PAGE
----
Visiting U.S. senator calls for preserving Taiwan's independence
Taipei, Aug. 26 (CNA) United States Senator Marsha Blackburn, a vocal critic of China's government, said at a meeting Friday with President Tsai Ing-wen (蔡英文) that it was important for other democracies to support Taiwan as it works to preserve its independence and freedom.
"It is important...that freedom-loving nations support Taiwan as they seek to preserve their independence and their freedom," said Blackburn, who has served as a senator since 2019 and is currently a member of the Senate Armed Services Committee.
Blackburn, a Republican representing Tennessee, said she looked forward to continuing to help support the people of Taiwan as "they push forward as an independent nation."
The 70-year-old senator has been critical of Beijing, which she described to the media as a U.S. "adversary."
In a tweet posted after she arrived in Taipei late Thursday night for a three-day visit, she pledged: "I will continue to stand with the Taiwans (sic) and their right to freedom and democracy," adding that "Xi Jinping doesn't scare me."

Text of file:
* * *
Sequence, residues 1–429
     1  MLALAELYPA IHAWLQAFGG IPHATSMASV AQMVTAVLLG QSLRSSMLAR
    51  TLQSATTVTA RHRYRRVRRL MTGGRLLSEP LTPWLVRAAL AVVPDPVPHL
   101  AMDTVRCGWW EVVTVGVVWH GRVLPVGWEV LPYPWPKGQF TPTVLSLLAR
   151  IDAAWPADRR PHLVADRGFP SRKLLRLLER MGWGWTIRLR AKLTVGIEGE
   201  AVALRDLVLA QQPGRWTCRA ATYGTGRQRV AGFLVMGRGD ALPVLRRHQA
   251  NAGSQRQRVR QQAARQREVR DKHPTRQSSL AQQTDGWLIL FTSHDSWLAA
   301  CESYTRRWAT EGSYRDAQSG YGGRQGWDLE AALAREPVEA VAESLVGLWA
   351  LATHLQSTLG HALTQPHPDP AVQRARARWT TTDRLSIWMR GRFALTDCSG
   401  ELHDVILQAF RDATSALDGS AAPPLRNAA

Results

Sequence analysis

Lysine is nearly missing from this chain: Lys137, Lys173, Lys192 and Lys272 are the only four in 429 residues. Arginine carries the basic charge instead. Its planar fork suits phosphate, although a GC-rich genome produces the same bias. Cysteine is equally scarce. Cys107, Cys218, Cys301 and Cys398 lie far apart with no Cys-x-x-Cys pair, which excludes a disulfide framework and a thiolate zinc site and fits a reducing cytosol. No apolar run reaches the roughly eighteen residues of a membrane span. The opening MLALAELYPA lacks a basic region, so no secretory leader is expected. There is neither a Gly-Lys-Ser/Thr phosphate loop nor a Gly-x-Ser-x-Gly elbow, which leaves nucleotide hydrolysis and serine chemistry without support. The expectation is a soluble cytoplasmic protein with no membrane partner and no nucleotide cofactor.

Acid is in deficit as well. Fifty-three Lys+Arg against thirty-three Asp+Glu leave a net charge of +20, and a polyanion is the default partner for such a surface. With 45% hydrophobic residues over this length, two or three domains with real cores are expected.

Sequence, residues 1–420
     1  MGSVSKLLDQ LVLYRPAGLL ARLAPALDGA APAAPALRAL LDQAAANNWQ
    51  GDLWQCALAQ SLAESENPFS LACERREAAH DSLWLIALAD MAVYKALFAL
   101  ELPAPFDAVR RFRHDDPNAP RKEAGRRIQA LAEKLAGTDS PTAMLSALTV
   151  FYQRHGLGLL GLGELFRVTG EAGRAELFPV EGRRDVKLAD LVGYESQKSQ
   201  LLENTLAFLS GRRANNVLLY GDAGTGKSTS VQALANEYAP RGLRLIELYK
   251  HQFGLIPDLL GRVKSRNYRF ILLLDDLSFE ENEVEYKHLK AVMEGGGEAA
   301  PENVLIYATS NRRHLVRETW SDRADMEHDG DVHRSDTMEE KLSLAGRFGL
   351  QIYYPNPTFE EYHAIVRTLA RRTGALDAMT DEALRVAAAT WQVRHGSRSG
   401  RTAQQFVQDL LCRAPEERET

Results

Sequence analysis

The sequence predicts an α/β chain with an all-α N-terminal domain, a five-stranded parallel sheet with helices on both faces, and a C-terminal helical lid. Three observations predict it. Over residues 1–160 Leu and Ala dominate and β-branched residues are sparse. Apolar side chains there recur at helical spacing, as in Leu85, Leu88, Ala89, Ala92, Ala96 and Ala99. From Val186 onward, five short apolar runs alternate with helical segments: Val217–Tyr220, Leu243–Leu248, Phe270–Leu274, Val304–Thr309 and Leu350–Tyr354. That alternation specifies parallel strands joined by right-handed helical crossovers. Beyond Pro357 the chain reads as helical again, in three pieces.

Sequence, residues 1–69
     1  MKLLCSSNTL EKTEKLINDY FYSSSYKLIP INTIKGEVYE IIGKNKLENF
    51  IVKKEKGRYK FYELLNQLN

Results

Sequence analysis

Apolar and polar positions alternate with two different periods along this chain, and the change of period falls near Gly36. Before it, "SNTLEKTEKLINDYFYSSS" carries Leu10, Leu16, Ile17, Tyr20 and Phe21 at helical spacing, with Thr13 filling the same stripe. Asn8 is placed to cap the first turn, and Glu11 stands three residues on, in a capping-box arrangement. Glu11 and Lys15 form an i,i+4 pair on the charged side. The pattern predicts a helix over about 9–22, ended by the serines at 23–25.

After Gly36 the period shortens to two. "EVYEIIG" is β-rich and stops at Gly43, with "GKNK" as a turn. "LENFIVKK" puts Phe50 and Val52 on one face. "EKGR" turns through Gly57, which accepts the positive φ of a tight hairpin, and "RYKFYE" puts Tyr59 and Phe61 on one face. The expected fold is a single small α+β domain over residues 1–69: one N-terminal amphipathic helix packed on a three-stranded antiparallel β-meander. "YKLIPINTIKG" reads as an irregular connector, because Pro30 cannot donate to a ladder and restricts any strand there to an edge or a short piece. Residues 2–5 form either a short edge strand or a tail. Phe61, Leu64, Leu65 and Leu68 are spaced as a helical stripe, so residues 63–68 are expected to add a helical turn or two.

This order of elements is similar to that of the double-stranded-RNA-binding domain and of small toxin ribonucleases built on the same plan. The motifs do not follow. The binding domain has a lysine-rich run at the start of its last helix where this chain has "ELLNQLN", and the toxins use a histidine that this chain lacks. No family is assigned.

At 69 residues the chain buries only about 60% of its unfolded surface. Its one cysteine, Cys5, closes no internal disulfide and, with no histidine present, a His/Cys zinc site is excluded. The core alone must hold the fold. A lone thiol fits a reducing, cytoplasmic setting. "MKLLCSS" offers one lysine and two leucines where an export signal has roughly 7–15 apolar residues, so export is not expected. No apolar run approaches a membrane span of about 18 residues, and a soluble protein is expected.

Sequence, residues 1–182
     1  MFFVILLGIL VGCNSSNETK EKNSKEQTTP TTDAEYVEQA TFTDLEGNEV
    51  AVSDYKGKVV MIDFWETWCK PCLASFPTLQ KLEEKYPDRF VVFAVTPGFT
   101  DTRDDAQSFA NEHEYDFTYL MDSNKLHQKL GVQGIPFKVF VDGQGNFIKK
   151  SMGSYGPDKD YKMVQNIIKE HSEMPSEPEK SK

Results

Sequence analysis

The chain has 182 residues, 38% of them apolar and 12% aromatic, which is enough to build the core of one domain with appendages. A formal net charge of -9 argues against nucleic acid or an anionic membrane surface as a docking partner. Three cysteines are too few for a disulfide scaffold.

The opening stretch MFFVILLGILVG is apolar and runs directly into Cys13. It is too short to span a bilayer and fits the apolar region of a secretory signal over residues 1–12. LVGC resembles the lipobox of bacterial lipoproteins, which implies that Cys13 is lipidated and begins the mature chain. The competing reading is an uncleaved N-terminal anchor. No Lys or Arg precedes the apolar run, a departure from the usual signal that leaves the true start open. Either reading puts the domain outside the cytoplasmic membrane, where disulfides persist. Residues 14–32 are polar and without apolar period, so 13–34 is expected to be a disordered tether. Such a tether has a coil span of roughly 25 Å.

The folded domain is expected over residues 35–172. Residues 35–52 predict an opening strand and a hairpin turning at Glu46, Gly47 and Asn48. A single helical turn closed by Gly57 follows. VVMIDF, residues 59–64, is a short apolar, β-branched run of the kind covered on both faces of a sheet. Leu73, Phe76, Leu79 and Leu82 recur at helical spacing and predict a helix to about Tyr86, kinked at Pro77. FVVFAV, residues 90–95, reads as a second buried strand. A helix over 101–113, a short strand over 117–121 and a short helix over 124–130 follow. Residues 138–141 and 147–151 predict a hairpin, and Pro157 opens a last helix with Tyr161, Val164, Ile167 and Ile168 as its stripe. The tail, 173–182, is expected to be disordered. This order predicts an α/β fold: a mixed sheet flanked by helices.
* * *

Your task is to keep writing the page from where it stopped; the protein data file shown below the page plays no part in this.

Meanwhile, Tsai praised Blackburn for recently sponsoring a bill in the U.S. Congress that aimed to "bolster U.S. backing for Taiwan to enhance our self-defense capabilities."
The president was mostly likely referring to the Taiwan Democracy Defense Lend-Lease Act introduced in July.
According to Blackburn, the bill would support "the United States' partnership with Taiwan by authorizing a defense lend or lease program with the government of Taiwan."
Tsai said the Russian invasion of Ukraine and China's military exercises in the Taiwan Strait showed that authoritarian countries are disrupting and threatening the world order.
She urged democracies to "further unite and cooperate in jointly holding a firm line of defense of our values, freedom and democracy."
Tsai also expressed hope that Taiwan could join the U.S.-led Indo-Pacific Economic Framework for Prosperity (IPEF), saying that like-minded countries should deepen economic and trade cooperation to create more secure and resilient supply chains.
Taiwan is excluded from the IPEF, an economic initiative launched on May 23 by U.S. President Joe Biden to boost U.S. economic engagement in the region. It currently includes 14 participating countries, including Japan, India, South Korea, Indonesia, Vietnam, and Australia.
In addition to meeting with Tsai, Blackburn will also meet with Wellington Koo (顧立雄), secretary-general of the National Security Council, to discuss security and trade issues, before departing on Aug. 27, according to Taiwan's Ministry of Foreign Affairs (MOFA).
She will also give a keynote speech at MOFA's Institute of Diplomacy and International Affairs in Taipei on Friday afternoon, MOFA said.
Recent visits by U.S. politicians
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